With the growing demand for still and motion capture from clients, interest in continuous lighting options grow as do the number of products available to meet this need.  I have wanted to explore the use of continuous lighting in a studio setting for a while, and thanks to K5600 Lighting and Calumet Photographic NYC I recently got the chance to work with a Joker-Bug 800 watt HMI.  The experience is best summed up as “illuminating!”

The concept for the “HMI” shoot was to capture stills and motion clips of a martial art competitor.  I had tentatively entitled the project “Shadow Dance.” I knew that I wanted a very distinct shadow to be an integral part of the visual experience.  Since I wanted to work with only one light source, I needed the light to be broad. I considered several Profoto modifiers with which the Joker is compatible, but ultimately felt that the K5600 Big Eye Fresnel would allow me to achieve my objectives.  The session would be shot with a 5D MarkII with a 24-105mm lens, mounted on a freestanding monopod with a fluid head.  A custom white balance would be set. 

The Joker-Bug 800 and Big Eye did not disappoint.  The light was crisp, clean and with the lamp positioned in the flood position, broad.  The light was placed camera right and effectively lit our “set” area which was an isolated 15 x 15 foot area in the Gallery space on the second floor of Calumet Photographic NYC.  I decided to work in Manual mode and settled on a working aperture of F5.6.  In making the decision to shoot at F5.6, I knew that I would not be shooting stills during this session at ISO 100.  The light meter readings in the model’s “working” area confirmed my belief with a shutter speed range of 1/20-1/30.  Further metering indicated that in order to achieve a minimum shutter speed of 1/100 to ensure sharp stills that I would need to be at ISO 320 or higher.  I set the camera to Auto ISO, and took a few stills.  The stills’ information display confirmed that the camera would be operating at ISO 320 or higher.  The camera was placed on a monopod with a base support and a fluid head for stabilization during video recording.

Shadow Dance: A Still and Motion Capture Session using HMI Lighting .

I shot using one camera and decided to shoot Full resolution RAW stills during the video recording process.  The shutter sounds that you hear during the video clip were actually recorded during the session.  The pause and still display in the video is longer than the actual video recording interruption and was an editing decision.  The actual interuption experienced capturing still while shooting video with the 5D MarkII is approximately one second. Because of the pause action when shooting stills while recording video, one might consider using multiple cameras.  At some point in the not too distant future, simultaneous still and video capture will become available on HDSLRs.  Had I been shooting with multiple cameras, I would have set the camera recording video to a shutter speed of 1/60 (using the 2x FPS guideline), but my priority to capture stills drove my shutter speed considerations.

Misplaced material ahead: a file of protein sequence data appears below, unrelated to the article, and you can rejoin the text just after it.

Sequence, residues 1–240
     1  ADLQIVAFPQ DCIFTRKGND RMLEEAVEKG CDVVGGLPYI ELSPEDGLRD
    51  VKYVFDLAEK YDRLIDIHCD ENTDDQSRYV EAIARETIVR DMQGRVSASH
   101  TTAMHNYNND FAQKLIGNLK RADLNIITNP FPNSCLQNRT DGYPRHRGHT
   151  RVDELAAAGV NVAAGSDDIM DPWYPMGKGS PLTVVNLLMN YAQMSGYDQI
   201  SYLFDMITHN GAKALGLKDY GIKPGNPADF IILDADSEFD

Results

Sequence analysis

I walked away from my experience feeling that HMI lighting is a compelling option for the studio photographer interested in capturing stills and video during the same session.  The 800 watt lamp allowed me to light the set, and place the light at a comfortable working distance from the model.  It was actually kind of mindboggling that this six-pound lamp was capable of putting out the equivalent of nearly 4000 watts of tungsten.  Although I elected not to use other light shapers, I knew that I could use a variety of tools from beauty dishes to soft boxes to giant reflectors to alter the character of the light if I had wanted to. 

At $4,500 for the Joker Crossover 800 (includes the Adapter for mounting Profoto light shapers), there is no question that these are expensive lights. If your business demands power and versatility, they may be a smart investment.  If you can’t justify the expense of an outright purchase, rental on an as-needed basis is a viable option.

If you are interested in learning more about the K5600 product line, visit: http://www.k5600.com/crossover.  

For Corporate and Studio sales in the New York Metro area contact Jamie McDougall at:   Jamie.mcdougall@calumetphoto.com.

I have elected not to cover some material in this entry because there are some wonderful resources available on line:

To view videos on the many parts of the Joker-Bug system, click on the K5600 youtube Gallery.

To see a video of the Big Eye setup, click here.

To read S1 Group, Toronto’s “K5600 HMI Light Output Test with Mola, Profoto and K5600 Lighting Modifiers” click here.

Again thanks to K5600 Lighting and Peter Bradshaw and Calumet Photographic New York.

Disclosure: No consideration has been received in connection with this blog entry, nor has any manufacturer and/or retailer offered any consideration

 All images -still and video- in this entry and in this blog are copyrighted and used with permission.

copyright 2010

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